Treasury officials have been accused of “killing off” freeports, by lacking ambition in tax cuts and a cap that will limit the number to 10.
Whitehall is said to be opposing the policy, claiming the perks of freeports will lead to less tax revenue and existing businesses moving to these new designated zones from elsewhere in the country, the Telegraph reported.
“We’ve got about 140 locations across the country that handle freight. If the government does agree with this policy, why is it just restricting it to eight now and maybe two or three more?” Richard Ballantyne, British Ports Association’s chief executive, said.
“I think there is some reservation in parts of government about the loss of tax revenue that these zones may create and there are some understandable concerns they could just stimulate the movement and transfer of activity instead of new investment. But these ports are competing on an international level with European ports.”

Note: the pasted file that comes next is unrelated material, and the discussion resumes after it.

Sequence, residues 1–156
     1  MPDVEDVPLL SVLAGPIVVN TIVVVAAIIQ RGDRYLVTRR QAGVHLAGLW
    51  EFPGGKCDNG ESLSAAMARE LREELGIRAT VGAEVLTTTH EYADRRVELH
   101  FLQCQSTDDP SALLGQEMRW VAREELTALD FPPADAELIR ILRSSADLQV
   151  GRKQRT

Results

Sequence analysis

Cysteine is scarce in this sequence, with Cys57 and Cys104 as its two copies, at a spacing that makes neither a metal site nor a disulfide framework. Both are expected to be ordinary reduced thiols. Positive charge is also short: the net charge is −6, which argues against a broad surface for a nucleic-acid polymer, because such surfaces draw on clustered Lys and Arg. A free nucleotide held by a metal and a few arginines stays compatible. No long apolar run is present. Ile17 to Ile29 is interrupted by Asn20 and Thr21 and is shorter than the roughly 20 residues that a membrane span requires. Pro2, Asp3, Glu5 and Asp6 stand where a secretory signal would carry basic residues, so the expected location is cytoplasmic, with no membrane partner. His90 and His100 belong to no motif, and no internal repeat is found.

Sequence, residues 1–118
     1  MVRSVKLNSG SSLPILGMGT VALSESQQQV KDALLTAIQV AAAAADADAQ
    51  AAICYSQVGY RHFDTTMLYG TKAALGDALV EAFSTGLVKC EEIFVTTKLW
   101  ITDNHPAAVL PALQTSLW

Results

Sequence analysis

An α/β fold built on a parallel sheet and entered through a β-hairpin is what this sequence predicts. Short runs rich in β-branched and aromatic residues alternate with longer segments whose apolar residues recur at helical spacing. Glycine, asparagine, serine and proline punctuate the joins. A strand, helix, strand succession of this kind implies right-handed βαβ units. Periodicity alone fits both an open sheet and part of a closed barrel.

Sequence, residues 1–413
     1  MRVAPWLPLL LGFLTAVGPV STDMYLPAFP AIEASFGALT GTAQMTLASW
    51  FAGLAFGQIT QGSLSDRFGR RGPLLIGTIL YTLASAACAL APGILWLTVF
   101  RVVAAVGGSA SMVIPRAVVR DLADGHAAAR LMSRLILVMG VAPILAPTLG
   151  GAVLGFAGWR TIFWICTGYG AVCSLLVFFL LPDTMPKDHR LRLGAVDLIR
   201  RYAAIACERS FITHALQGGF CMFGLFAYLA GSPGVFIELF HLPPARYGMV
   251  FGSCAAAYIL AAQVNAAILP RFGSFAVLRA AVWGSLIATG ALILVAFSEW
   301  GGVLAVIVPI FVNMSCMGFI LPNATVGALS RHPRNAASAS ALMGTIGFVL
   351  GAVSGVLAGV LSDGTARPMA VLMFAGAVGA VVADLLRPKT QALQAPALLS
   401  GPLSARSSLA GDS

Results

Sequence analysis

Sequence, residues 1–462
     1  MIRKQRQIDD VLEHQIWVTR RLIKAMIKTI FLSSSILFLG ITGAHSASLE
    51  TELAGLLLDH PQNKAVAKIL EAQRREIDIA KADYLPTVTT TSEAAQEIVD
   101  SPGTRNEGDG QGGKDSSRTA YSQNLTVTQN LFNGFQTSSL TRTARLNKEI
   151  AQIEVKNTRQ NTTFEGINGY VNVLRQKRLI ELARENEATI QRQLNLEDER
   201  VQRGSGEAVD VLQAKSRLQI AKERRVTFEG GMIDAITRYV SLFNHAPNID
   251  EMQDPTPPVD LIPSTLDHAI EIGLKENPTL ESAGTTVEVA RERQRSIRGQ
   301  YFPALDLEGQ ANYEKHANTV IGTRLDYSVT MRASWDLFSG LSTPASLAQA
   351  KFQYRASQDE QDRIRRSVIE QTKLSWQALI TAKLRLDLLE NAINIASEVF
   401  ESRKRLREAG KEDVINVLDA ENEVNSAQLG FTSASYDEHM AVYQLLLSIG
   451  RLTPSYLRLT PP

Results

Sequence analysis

Sources disclosed that at the heart of the decision to oppose freeports there is the Treasury’s understanding of everything as a “zero sum game.”
“For the Treasury everything is a zero sum game: one side wins and therefore another must be losing. It is a misunderstanding of the dynamics of the economy,” a senior Tory told the Telegraph.
“Whatever suits civil servants will become government policy because the ministers aren’t coming up with anything or they’re blocked or delayed and civil servants know there will be another reshuffle within 18 months so they can just wait out any minister who is trying to push for something.”